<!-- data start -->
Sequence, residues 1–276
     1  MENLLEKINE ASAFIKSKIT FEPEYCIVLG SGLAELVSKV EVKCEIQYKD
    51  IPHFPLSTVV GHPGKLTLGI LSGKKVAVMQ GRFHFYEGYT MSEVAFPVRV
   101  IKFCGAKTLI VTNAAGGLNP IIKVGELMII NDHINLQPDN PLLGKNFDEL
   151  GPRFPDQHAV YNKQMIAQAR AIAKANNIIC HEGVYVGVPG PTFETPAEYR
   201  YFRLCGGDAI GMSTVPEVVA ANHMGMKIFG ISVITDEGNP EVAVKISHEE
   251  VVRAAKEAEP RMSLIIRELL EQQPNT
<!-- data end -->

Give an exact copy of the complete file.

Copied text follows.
Sequence, residues 1–276
     1  MENLLEKINE ASAFIKSKIT FEPEYCIVLG SGLAELVSKV EVKCEIQYKD
    51  IPHFPLSTVV GHPGKLTLGI LSGKKVAVMQ GRFHFYEGYT MSEVAFPVRV
   101  IKFCGAKTLI VTNAAGGLNP IIKVGELMII NDHINLQPDN PLLGKNFDEL
   151  GPRFPDQHAV YNKQMIAQAR AIAKANNIIC HEGVYVGVPG PTFETPAEYR
   201  YFRLCGGDAI GMSTVPEVVA ANHMGMKIFG ISVITDEGNP EVAVKISHEE
   251  VVRAAKEAEP RMSLIIRELL EQQPNT